With the exceptions of Willis Alan Ramsey and Axl Rose, there has perhaps been no more greatly anticipated album than Stoney LaRue’s Velvet. Six plus years since his last release, recorded over a period of three years with acclaimed producers Frank Liddell (Miranda Lambert and Chris Knight among many others) and Mike McCarthy (Patty Griffin), backed by the best hired guns in Nashville including names such as Randy Scruggs on guitar and Chad Cromwell on drums, Velvet is a very finely crafted collection of music. It is hard for anything to live up to immense hype and Velvet attempts to do so admirably. The tunes are mostly successful at satisfying the hype with only a few moments that don’t quite measure up.
Liddell and company smartly made LaRue’s voice the centerpiece of each track and the mix of each song expertly cradles the textured music around LaRue’s smartly delivered vocal runs. LaRue’s strongest asset is his soulful ability to truly inhabit the lyrics and produce a strong vocal that always stays true to the song’s inherent message.
Much of the music on this album is reminscent of the sounds Traveling Wilburys created if they’d added a fiddle in the mix too. This is most evident on the standout track “Look At Me Fly”. The tempo and structure of the song are in line with previous Stoney hits and one can already envision crowds singing along to the rousing chorus at live shows as enthusiastically as they do old favorites.
The unsung hero of this record is singer/songwriter Mando Saenz who co-wrote 9 of the 10 tracks with LaRue and earns an associate producer credit for his contributions. The one song that isn’t a LaRue/Saenz collaboration is “Wiregrass” a song co-written with Adam Hood. Saenz has always been an underappreciated poet and his worldliness compliments LaRue’s rootsiness in a very refreshing and unique manner.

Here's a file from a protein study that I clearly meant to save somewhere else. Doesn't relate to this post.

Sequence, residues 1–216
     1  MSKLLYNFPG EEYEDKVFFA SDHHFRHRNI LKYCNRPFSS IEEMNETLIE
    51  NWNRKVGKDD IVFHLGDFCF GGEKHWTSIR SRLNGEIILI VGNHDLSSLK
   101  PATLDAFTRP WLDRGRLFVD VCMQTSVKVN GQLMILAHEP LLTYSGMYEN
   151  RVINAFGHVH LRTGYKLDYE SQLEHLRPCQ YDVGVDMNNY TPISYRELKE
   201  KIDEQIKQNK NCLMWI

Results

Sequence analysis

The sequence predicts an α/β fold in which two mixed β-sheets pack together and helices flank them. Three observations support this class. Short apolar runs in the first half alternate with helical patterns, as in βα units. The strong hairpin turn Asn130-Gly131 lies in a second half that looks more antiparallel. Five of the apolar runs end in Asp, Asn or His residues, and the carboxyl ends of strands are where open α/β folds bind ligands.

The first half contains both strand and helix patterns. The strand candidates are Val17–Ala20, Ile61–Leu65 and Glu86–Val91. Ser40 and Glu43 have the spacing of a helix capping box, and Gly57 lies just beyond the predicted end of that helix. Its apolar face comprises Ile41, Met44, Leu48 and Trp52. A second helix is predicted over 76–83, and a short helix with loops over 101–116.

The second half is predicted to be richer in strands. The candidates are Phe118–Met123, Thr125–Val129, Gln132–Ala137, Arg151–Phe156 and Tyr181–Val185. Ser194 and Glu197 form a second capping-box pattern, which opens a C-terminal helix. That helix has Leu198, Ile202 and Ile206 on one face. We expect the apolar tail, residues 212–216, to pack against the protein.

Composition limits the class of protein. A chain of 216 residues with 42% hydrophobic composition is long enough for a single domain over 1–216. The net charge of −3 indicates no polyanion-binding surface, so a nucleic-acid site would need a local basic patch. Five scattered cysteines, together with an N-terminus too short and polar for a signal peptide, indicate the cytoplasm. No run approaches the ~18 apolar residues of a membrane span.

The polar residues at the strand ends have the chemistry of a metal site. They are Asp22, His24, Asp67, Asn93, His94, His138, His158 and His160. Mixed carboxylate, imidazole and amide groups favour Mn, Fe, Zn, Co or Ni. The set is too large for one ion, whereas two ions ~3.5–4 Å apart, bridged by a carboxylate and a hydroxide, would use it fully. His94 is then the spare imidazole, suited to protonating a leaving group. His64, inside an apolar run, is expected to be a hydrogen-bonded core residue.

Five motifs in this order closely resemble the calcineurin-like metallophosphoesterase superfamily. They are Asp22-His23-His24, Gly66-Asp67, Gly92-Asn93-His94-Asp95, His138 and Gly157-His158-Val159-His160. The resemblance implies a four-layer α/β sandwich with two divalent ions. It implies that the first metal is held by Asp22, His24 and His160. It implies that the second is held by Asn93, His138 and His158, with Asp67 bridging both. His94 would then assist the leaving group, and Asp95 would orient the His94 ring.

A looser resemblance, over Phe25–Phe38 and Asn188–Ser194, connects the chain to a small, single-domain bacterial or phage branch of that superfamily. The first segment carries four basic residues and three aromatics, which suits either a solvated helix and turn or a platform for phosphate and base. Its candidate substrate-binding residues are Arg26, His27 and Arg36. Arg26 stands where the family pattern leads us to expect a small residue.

“Travelin’ Kind” doesn’t just evoke the classic Merle Haggard song “The Running Kind” with its title, the lyrics and melody also recall the Hag’s work. For perhaps the first time ever, LaRue allows his vocals to take on an almost vunerable state as he laments the past and spins folksy lyrical yarns about the future. “Sharecropper” grooves heavy and contains generous doses of harmonica. The most experimental song of the group is “Sirens”. It contains blazing fiddles intertwined with inventive vocal effects and screeching guitars all has words flow with the type of smooth rhythm only found in vintage hip-hop songs. As odd as all that sounds, it actually works. “Te Amo Mas Que La Vida” is a cool, little song that features a funky, rolling bass line throughout and a bold squeezebox/fiddle combination that would make Freddy Fender proud.
Something notably missing from the album is a bit of the raw attitude that LaRue has displayed in his previous work. The whole vibe is mellow and melancholy. I think that’s what they were going for and they definitely succeeded. No need for ignorant sell-out chants, it’s still Stoney…just a Stoney that’s seen 250 gigs a year for the past six years. In fact, if the album was to have a theme it would be that of a world-weary traveler unloading the things he’s seen and experienced on the road as means of musical therapy. It’s certainly a testament to LaRue’s natural, God-given ability that he’s been able to stretch his music in this manner.
Overall, the wait was well worth it. LaRue has proven adept at trusting his musical instincts and Velvet is a solid progression from The Red Dirt Album. It is admirable that LaRue has released a record that possesses such depth and charm in a musical environment that clamors for lowest common denominator trash in the mainstream and Texas. We should all hope that radio embraces these tunes…and that we don’t have to wait another six years to see what Stoney LaRue has up his sleeve next.